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  • Sandra L. Reynolds, Aaron Hagedorn, Jihye Yeom, Yasuhiko Saito, Eise Y ...
    Volume 18 (2008) Issue 6 Pages 280-290
    Released: December 17, 2008
    [Advance publication] Released: December 04, 2008
    JOURNALS FREE ACCESS
    Background: Despite similar standards of living and health care systems for older persons, there are marked differences in the relative health of the elderly populations in the United States (US) and Japan. We explore the association of overweight and obesity with these health disparities.
    Methods: Data on older adults from the US National Health Interview Survey (1994) and the Longitudinal Study of Aging II (1994) were compared to similar data from the 1999-2001 Nihon University Japanese Longitudinal Study of Aging. Regression analyses for the 2 countries were conducted to examine the correlates of being overweight and obese, and the relationships of overweight and obesity with activities of daily living functioning, heart disease, arthritis, and diabetes.
    Results: The prevalence of overweight and obesity is higher in the US than in Japan, as is the prevalence of heart disease, diabetes, arthritis, and functioning problems. Education level and marital status are predictors of overweight for older Americans but not for older Japanese people. Health behaviors affect weight in all groups. The prevalence of functioning problems and disease are more likely to be associated with being overweight in US men and women than in Japanese women, and are not associated with being overweight in Japanese men.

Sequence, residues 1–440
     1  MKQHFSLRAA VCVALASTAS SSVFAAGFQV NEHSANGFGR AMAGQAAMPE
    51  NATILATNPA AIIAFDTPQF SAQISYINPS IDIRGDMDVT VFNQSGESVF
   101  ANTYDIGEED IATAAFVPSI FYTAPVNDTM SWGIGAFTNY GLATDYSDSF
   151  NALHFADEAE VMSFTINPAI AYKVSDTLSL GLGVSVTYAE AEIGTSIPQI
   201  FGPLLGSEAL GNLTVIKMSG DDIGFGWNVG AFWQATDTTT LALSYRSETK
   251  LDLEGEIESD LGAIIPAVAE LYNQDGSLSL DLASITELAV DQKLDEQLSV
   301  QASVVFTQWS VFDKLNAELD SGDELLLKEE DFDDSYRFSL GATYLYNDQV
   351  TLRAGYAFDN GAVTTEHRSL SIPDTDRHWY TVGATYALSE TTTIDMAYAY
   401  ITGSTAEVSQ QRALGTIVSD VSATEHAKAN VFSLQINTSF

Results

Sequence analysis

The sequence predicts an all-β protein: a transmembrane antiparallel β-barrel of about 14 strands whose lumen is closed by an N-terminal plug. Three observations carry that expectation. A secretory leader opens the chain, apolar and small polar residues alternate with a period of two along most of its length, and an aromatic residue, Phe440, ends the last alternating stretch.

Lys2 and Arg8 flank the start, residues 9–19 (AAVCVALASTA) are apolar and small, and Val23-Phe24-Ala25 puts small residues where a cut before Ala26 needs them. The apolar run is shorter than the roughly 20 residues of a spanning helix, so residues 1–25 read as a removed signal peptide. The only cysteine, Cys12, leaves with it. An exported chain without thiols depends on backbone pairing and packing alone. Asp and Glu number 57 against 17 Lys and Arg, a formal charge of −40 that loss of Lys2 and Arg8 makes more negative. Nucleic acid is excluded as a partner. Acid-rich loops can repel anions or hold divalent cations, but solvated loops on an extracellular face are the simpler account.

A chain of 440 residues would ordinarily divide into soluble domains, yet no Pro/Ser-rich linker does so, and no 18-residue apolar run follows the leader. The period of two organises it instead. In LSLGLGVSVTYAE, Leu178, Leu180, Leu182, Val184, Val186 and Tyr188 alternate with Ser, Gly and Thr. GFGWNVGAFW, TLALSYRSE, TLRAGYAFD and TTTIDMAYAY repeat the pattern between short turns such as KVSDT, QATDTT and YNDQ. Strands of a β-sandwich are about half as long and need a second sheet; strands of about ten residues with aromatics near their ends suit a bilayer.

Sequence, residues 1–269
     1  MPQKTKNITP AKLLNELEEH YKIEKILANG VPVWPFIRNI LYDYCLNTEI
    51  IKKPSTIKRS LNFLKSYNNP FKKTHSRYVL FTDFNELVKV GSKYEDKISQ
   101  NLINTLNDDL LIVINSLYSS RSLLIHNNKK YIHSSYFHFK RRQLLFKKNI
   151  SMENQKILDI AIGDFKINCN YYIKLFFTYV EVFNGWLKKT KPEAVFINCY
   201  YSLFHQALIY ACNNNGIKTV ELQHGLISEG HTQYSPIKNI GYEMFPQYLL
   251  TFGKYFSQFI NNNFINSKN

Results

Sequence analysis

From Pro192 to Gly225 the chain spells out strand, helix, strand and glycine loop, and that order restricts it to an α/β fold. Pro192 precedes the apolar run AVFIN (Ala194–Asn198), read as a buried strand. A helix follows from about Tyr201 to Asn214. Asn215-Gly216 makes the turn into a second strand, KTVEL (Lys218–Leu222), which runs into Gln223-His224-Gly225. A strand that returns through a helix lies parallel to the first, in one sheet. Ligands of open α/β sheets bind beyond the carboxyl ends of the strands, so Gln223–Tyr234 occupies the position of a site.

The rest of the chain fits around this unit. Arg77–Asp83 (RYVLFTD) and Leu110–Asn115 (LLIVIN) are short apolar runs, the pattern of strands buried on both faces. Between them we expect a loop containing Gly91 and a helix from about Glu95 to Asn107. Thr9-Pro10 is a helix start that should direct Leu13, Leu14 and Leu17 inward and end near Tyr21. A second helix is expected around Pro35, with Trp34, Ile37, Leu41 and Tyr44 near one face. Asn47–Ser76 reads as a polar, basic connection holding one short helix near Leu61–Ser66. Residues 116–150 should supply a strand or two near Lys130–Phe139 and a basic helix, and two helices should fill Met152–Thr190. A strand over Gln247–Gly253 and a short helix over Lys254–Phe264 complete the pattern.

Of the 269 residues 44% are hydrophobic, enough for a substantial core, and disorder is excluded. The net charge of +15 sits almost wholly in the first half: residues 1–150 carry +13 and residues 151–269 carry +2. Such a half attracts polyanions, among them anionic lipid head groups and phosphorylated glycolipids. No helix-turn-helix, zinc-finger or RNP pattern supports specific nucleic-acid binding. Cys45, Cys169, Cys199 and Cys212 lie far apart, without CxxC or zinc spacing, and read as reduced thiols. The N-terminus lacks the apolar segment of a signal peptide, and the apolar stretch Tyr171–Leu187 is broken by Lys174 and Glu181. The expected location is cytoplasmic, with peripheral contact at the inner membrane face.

Conclusion: Despite similar standards of living and health care systems for older persons, the conditions associated with poor health differ in the US and Japan. Being overweight or obese appears to be related to more functioning problems and arthritis in the US than in Japan.
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Short Communication